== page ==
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New star rising in ‘awesome’ midtown

Turning old into new again will draw tenants to Midtown, which is still the best neighborhood in Manhattan, according to L&L Holding president Robert Lapidus.

Discussing the company’s substantial overhaul of  390 Madison during the NAIOP Reposition, Reimagine, Revitalize panel yesterday (Tuesday) Lapidus said, “Midtown — for all of the talk about all of these alternative areas — Midtown’s location is awesome.ˮ

Lapidus pointed to the abundance of transportation and well-established infrastructure in Midtown as invaluable draws for the area, but conceded that “commodity” buildings — such as his current project at 390 Madison — need an overall if the neighborhood is to compete with evolving commercial sectors in other spots.

“(Midtown) is still great. Tenants today want new product. So in Manhattan, that’s why Hudson Yards and World Trade Center sights are doing well,” said Lapidus. “The infrastructure downtown is really transforming near the World Trade Center and Hudson Yards. I’ve spoken with many of the tenants in the Hudson Yards. They didn’t necessarily want to go there. I mean the 7 line is not enough there. You’re going to be living in a construction site for ten years. New York needs it though.

“Even though the location is not great today from an infrastructure point of view,” Lapidus continued, “tenants wanted new and they were willing to give up a, quote un quote, better, more typically great location to be in new product.”

The massive overhaul of 390 Madison is on behalf of owner Clarion Partners. With a KPF Architects-designed re-build, the company is aiming to fill a void for new office space in the Midtown East market by doing what it did at 200 Fifth Avenue, create “a very hot, chic building.”

Speaking at the NAIOP event, Lapidus said, “The beauty about Manhattan is, when something is down then that’s the future upside for people to take advantage of those opportunities. “Look at what Vornado did at 1290 [Avenue of the Americas]. They took a building that was not great shape, spent a lot of money on it and released it.

“The challenge and the opportunity is, take great location product like 390 Madison and make it new,” said Lapidus. He pointed out that while projects such as Manhattan West and Hudson Yards may be currently underway, the reality is that the percentage of available office space in the borough that is new construction is actually “a very small piece.”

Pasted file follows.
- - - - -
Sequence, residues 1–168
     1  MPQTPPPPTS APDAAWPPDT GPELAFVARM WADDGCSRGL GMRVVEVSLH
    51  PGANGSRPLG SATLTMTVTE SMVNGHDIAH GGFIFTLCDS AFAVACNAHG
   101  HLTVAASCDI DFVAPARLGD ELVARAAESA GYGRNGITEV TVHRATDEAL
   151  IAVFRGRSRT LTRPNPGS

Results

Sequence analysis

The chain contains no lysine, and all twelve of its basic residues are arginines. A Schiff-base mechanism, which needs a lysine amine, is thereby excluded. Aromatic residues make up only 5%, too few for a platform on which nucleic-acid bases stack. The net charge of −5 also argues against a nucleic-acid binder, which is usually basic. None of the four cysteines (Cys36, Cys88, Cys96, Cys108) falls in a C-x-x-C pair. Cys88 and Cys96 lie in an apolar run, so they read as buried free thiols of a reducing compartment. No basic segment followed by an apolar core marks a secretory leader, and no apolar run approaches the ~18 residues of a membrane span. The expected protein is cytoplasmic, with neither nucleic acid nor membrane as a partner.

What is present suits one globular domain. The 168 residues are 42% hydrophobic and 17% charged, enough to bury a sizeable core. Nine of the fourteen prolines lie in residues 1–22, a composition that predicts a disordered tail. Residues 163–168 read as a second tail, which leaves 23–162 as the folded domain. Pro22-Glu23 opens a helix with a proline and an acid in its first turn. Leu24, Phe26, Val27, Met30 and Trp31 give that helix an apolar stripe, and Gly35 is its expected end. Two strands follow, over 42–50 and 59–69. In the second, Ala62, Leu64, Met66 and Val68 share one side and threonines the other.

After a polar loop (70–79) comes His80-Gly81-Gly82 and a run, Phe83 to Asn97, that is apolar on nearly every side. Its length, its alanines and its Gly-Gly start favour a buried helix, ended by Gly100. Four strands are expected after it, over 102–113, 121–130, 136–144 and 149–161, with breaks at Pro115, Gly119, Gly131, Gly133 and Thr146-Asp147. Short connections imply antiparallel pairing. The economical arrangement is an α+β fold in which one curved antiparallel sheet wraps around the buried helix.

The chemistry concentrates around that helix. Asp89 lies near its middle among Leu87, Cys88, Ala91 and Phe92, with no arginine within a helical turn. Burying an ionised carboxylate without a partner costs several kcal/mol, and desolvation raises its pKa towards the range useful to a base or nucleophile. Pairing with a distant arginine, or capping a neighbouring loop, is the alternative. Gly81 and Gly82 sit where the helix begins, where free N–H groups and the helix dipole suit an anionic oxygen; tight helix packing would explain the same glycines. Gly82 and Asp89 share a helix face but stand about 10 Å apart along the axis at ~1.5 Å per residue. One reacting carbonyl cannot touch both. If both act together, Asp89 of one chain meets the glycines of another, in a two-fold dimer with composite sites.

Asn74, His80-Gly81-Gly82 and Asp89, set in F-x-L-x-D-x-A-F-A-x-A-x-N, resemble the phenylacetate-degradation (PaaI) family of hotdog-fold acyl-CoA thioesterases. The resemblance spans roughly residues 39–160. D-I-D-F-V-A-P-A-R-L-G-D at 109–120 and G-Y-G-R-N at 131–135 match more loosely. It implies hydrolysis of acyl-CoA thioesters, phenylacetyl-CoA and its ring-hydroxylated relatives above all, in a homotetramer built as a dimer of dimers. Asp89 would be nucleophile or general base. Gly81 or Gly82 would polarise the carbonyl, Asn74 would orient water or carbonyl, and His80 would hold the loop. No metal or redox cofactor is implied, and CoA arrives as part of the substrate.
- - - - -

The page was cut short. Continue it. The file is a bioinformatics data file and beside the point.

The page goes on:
“If you have commodity buildings anywhere, it’s not a good place to be,” said Lapidus who envisions a much more modern workspace for tenants at the re-imagined Madison Avenue building.

He feels that Midtown’s location will always draw heavy interest, but offering the same amenities as new construction in less prime areas will insure that the neighborhood stays as the prime destination.
“Companies want to attract the best employees, they want to create great cultures for them, they want them to be in a place where they want to go to,” said Lapidus.

“It’s not like a 9-5 environment anymore. It’s a 24/7 type of culture, so you want to create the experiences in and around the office building that are going to attract the best employees and obviously improve everyone’s bottom line.”

390 Madison will be open in 2017 coated in reflective class. The new building will be taller than it’s predecessor.

“If you can create specialty buildings and do special things with them, you’re always going to keep the buildings leased and in an up market you’re going to get the highest rents.”
Lapidus suggested that L&L would have considered an even more ambitious endeavor at what is now 380 Madison, but current zoning restrictions would not allow a complete rebuild. He described potential rezoning in Midtown as something that “needs to happen.”

Lapidus was joined on the panel by Robert Jackson, executive vice president of The Rockefeller Group and Seth Pinsky, executive vice president of RXR. Jackson discussed upcoming renovations at 1271 Avenue of the Americas and Pinsky discussed RXR’s plans for Pier 57.

Aaron Twersky, president of Bricks & Sticks Communications, moderated the panel, which was held at 1271 Avenue of the Americas.

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